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Mechanical Engineering Hall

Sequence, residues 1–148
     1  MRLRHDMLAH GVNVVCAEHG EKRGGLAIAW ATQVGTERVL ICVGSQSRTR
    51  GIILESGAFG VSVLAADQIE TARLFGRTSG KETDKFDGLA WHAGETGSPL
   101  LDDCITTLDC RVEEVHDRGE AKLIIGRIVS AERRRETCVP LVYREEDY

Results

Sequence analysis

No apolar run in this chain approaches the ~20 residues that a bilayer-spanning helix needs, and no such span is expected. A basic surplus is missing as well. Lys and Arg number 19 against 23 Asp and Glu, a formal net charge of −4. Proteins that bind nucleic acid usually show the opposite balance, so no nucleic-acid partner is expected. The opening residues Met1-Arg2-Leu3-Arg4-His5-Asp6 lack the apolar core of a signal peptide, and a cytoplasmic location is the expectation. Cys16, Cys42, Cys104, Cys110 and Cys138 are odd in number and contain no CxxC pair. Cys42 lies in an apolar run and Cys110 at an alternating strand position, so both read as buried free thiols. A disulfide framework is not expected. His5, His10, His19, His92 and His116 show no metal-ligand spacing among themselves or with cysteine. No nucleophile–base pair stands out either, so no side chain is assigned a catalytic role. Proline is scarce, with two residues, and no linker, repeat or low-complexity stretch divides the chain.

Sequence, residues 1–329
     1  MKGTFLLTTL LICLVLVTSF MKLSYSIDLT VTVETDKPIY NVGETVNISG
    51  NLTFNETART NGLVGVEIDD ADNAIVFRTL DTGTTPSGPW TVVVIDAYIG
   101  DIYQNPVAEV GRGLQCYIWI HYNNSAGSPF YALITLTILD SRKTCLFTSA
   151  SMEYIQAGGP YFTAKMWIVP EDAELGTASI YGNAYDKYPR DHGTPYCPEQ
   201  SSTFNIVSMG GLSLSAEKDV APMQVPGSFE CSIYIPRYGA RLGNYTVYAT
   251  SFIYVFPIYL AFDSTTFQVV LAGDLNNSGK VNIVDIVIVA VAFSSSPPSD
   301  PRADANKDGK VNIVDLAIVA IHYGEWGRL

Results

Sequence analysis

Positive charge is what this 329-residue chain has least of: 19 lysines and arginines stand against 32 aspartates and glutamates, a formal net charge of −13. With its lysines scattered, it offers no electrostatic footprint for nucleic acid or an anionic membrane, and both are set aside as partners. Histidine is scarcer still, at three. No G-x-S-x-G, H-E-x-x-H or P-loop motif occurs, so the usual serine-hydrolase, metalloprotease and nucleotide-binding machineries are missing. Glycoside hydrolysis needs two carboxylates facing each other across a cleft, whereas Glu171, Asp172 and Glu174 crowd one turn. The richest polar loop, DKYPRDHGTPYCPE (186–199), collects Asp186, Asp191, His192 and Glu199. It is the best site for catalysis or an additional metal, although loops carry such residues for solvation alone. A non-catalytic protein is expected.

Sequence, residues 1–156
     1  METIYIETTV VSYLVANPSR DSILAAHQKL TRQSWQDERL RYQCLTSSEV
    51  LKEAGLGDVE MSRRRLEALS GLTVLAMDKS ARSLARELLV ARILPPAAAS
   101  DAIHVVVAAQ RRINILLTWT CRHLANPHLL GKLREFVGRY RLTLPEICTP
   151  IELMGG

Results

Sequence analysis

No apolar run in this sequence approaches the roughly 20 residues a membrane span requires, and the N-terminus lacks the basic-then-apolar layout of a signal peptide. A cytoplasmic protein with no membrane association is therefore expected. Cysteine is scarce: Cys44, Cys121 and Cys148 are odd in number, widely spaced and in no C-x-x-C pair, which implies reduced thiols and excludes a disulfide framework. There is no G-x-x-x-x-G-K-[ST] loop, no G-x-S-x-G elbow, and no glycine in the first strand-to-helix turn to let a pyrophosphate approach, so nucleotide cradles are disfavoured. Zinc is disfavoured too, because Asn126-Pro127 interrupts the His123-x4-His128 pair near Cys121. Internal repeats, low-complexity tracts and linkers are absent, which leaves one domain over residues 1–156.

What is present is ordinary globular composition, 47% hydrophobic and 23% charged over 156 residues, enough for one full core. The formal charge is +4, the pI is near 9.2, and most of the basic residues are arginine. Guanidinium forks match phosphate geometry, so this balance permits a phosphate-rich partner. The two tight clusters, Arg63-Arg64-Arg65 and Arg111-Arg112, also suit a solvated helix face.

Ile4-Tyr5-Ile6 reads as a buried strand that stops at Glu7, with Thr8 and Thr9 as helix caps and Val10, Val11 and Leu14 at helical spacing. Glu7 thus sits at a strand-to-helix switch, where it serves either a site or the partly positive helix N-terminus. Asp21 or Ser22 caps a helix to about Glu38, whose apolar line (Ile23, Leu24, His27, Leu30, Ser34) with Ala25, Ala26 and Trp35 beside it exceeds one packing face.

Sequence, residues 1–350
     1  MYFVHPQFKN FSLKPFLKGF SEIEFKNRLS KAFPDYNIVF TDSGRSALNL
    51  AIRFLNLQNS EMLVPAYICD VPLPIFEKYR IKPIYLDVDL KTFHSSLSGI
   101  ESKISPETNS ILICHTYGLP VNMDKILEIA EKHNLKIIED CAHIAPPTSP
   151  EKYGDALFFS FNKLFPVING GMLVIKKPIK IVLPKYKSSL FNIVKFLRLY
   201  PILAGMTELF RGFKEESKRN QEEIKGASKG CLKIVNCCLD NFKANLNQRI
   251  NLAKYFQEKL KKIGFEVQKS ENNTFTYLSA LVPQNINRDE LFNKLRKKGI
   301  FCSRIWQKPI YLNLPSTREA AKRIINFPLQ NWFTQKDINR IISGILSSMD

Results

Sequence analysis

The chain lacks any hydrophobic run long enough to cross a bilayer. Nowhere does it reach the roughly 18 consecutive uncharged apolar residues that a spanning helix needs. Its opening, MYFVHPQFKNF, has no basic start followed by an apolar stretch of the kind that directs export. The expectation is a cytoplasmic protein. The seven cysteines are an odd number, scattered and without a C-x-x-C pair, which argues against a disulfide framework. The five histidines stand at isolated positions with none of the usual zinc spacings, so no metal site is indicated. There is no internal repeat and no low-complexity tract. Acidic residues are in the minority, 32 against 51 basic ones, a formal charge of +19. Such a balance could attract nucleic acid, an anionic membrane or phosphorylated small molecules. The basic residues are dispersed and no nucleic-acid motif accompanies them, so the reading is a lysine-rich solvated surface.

By the mid-1880s, the engineering department had outgrown their facilities in College Hall. Cornelius Vanderbilt II, grandson of the Commodore, donated money to build a separate building for engineering and related sciences to support the growing demand for classroom and laboratory space. Built in 1888, Mechanical Engineering Hall was the first building in Tennessee constructed for the teaching of engineering. A steam-powered dynamo installed in 1898 supplied heat and electric light to campus buildings until 1918. Decorative tile incorporated figures from Greek mythology, and friezes around doorways and the building’s exterior depicted 19th century engineering tools. By 1978, R.O.T.C. occupied offices in the building. In 1984, the building was incorporated into the new Owen Graduate School of Management. The flyball centrifugal governor – a steam engine device for regulating speed – sculpture could not be removed without damaging the roof and can still be viewed on the north side of the building.